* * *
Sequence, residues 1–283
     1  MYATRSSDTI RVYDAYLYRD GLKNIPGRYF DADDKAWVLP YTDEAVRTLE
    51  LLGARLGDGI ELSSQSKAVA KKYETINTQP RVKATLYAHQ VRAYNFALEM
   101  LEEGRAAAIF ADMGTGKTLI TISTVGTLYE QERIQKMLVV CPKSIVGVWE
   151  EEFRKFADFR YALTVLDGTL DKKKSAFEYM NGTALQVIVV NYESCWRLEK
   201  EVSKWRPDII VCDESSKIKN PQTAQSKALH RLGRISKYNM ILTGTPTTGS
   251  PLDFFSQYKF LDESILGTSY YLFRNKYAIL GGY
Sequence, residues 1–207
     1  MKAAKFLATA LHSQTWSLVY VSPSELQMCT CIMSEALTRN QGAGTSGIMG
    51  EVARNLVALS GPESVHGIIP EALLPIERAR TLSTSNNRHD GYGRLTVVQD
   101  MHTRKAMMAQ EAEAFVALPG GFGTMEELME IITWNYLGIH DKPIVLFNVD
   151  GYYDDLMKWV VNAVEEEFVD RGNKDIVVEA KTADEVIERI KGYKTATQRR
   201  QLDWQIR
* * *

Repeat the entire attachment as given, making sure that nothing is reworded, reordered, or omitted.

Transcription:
Sequence, residues 1–283
     1  MYATRSSDTI RVYDAYLYRD GLKNIPGRYF DADDKAWVLP YTDEAVRTLE
    51  LLGARLGDGI ELSSQSKAVA KKYETINTQP RVKATLYAHQ VRAYNFALEM
   101  LEEGRAAAIF ADMGTGKTLI TISTVGTLYE QERIQKMLVV CPKSIVGVWE
   151  EEFRKFADFR YALTVLDGTL DKKKSAFEYM NGTALQVIVV NYESCWRLEK
   201  EVSKWRPDII VCDESSKIKN PQTAQSKALH RLGRISKYNM ILTGTPTTGS
   251  PLDFFSQYKF LDESILGTSY YLFRNKYAIL GGY
Sequence, residues 1–207
     1  MKAAKFLATA LHSQTWSLVY VSPSELQMCT CIMSEALTRN QGAGTSGIMG
    51  EVARNLVALS GPESVHGIIP EALLPIERAR TLSTSNNRHD GYGRLTVVQD
   101  MHTRKAMMAQ EAEAFVALPG GFGTMEELME IITWNYLGIH DKPIVLFNVD
   151  GYYDDLMKWV VNAVEEEFVD RGNKDIVVEA KTADEVIERI KGYKTATQRR
   201  QLDWQIR